We cannot allow our languages to be consumed by Hindi

[ Bengia Ajum ]

For any democracy to grow, there needs to be healthy debates among its citizens on issues concerning the citizens. Over the years, since Narendra Modi came to power at the Centre, the democratic ethos in India is gradually declining. But to the surprise of many, Arunachal is slowly but surely witnessing a culture of debate and discussion emerging in recent years. It is a known fact that Arunachal Pradesh, which is largely inhabited by tribes, became part of India only in 1947, and before that, the concept of governance, democracy, etc, was unfamiliar to us.

There are instances that show that Arunachal is finally maturing. First is the heated debate witnessed over the defacing of the civil secretariat’s ‘wall of harmony’ in Itanagar. While one section strongly supported the activists for defacing the wall, claiming that it is a democratic right of citizens to dissent, on the other hand, another section heavily criticised the anti-dam activists for their actions and claimed that they had disrespected the work of fellow artists.

Both sides engaged in a feisty debate on social media. However, the debate was mostly done in an intellectual manner, without making personal attacks, which are usually witnessed in Arunachal. The government initially went a bit overboard by arresting the two activists. But it seems that it immediately realised the mistake and therefore did not press the case further, paving the way for the release of the duo from the jail.

The second was the debate over a banner installed by the Itanagar Municipal Corporation (IMC), declaring Itanagar as the ‘Hindi capital’ of Northeast India.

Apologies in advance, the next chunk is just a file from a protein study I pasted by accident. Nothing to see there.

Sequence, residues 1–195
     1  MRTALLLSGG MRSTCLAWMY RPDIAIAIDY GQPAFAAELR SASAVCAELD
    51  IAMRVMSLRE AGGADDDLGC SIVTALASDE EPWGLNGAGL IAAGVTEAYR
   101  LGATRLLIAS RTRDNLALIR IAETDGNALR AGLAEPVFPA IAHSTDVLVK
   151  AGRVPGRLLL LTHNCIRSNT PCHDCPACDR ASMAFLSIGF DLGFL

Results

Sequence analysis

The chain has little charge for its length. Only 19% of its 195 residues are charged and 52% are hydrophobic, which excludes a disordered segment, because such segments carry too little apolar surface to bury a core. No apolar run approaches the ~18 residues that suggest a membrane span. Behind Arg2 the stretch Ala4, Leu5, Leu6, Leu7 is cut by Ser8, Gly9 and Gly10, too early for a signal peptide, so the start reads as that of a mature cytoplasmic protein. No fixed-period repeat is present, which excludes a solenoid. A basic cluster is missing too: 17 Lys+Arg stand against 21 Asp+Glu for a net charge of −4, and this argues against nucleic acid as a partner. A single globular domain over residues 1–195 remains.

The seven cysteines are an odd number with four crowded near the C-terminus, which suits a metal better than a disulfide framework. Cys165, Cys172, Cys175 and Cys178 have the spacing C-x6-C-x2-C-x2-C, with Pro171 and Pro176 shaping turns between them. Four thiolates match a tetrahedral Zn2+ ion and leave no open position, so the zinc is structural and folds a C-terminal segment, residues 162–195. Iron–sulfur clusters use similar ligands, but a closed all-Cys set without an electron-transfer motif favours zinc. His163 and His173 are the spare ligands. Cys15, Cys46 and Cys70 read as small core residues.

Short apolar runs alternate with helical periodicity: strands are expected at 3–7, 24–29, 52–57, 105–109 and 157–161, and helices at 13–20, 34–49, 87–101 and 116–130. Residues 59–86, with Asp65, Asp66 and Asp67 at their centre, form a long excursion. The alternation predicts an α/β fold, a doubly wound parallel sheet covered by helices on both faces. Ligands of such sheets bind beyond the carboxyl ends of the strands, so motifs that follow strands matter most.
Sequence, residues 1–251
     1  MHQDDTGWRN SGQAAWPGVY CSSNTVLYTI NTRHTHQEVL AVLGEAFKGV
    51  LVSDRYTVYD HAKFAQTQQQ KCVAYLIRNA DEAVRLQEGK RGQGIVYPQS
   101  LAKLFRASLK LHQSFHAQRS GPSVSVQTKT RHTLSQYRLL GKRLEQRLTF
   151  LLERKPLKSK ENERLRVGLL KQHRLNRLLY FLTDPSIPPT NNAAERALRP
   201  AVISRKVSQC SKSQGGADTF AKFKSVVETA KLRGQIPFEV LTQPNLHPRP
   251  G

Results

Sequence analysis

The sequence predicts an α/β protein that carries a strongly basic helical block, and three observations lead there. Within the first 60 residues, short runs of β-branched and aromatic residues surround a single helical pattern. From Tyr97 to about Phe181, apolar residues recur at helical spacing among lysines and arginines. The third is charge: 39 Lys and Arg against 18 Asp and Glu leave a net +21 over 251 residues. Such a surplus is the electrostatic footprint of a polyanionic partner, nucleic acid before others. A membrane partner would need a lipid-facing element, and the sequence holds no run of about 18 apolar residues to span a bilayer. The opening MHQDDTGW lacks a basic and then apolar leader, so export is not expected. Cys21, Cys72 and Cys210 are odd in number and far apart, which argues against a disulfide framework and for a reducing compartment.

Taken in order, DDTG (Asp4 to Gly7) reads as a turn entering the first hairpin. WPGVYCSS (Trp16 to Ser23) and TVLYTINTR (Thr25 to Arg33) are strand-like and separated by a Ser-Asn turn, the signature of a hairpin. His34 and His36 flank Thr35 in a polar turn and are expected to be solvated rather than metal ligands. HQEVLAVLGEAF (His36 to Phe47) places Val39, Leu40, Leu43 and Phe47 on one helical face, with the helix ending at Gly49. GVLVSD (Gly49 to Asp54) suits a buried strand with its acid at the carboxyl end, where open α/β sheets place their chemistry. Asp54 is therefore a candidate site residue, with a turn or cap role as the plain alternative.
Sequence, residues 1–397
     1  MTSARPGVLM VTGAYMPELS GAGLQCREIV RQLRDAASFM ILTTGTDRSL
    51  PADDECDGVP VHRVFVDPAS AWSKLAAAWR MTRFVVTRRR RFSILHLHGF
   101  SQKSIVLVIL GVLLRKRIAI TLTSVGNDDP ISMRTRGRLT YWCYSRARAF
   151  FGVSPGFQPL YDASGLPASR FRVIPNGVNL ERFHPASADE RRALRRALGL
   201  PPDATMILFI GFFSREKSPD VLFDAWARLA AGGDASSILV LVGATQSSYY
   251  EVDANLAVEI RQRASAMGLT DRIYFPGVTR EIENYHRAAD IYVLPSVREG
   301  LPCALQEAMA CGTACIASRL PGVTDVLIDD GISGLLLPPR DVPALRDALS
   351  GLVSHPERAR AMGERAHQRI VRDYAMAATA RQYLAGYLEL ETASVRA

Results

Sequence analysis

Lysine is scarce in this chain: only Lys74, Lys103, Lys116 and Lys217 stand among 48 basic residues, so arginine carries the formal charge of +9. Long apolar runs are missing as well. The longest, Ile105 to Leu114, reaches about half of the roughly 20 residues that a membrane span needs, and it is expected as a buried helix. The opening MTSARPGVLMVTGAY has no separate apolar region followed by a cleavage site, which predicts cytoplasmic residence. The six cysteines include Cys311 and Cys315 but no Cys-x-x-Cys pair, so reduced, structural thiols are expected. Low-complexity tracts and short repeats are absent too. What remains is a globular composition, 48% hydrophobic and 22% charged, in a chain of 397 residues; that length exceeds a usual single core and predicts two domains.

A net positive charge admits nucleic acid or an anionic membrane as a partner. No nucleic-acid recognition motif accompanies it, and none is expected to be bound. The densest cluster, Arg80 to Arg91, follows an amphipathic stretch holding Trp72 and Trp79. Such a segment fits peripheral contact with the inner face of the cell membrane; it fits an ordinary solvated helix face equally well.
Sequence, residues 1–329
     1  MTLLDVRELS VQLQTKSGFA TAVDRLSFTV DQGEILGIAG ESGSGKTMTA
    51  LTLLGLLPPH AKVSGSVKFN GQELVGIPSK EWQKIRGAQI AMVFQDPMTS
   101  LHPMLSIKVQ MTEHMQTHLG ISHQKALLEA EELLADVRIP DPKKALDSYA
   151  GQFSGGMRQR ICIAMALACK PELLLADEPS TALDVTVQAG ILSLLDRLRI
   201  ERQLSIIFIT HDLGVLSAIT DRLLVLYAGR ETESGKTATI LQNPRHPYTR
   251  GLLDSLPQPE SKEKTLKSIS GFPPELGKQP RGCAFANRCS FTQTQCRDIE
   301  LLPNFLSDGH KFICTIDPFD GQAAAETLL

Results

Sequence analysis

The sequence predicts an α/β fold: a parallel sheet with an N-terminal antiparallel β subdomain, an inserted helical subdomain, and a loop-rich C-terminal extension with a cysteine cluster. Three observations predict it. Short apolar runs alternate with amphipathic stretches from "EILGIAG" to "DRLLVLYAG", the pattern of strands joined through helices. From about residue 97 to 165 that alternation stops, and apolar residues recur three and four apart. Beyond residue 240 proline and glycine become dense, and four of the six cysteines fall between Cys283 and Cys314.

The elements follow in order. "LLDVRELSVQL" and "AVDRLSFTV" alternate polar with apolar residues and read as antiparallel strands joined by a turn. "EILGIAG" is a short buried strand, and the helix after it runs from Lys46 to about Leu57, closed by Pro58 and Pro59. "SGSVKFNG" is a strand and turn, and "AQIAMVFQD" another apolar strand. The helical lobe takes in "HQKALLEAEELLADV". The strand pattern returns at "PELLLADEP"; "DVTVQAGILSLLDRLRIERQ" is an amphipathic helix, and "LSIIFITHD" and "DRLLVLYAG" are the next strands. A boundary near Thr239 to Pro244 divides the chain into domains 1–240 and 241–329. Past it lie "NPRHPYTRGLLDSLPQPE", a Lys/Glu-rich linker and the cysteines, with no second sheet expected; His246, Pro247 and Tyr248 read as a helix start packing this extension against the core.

The majority of the citizens took offence at the banner and suggested that, instead of Hindi, the IMC should promote local languages. After much criticism, IMC Mayor Tame Phassang conducted a press conference and tried to explain the reason behind installing the banner. To his credit, despite the heavy criticism the IMC faced, the mayor graciously invited people for more debate on the issue and declared that he is open to all kinds of debate and discussion.

One more example of the growing maturity exhibited by the tribes of Arunachal is how tribal Christians have responded to provocations and insults hurled at them by right-wing supporters. Despite extreme provocation by Hindutva right-wing supporters seeking cancellation of the ST status of tribal Christians, there has been no adverse reaction. The tribal people consider ST status as a pride, and such demand earlier would have been meted out with much anger. But people seem to believe that debate and discussion are better options, which is a good sign.

For a tribal society, in which clan and tribe bodies play a critical role in deciding many aspects of life, this new culture of debate and discussion shows that finally, we are moving towards democratic norms in the true sense.

Coming back to the issue of Itanagar being declared as the Hindi capital of the Northeast, there is no doubt that the majority of people in Arunachal speak Hindi, but it is nothing to be proud of. We should be proud to be speaking in our own tribal languages. Tamilians are proud Indians, but for them, the Tamil identity and Tamil language come first. Today our tribal languages are almost on the verge of extinction. Efforts should be made to preserve the tribal languages. I belong to the Nyishi tribe, and I often joke that today there are different categories of Nyishi, based on the languages spoken by them at home. First are the North Indian Nyishi (those who speak Hindi at home), Assamese Nyishi (those who converse in Assamese), Hindmese Nyishi (those who speak a mixture of Hindi and Assamese), and lastly Nyishi (who speak in Nyishi language at home).

I am pretty sure the situation must be the same for almost all tribes. Today, people no longer feel proud of their own tribal languages.

Just carrying placards saying ‘loss of culture is loss of identity’ during various rallies, or wearing a traditional dress during tribal festivals will not save the tribal identity. Language is the most vital part of any identity. The RSS and the BJP always propagate the Hindu-Hindi movement. We cannot allow our tribal languages to be consumed in the garb of Hindi nationalism.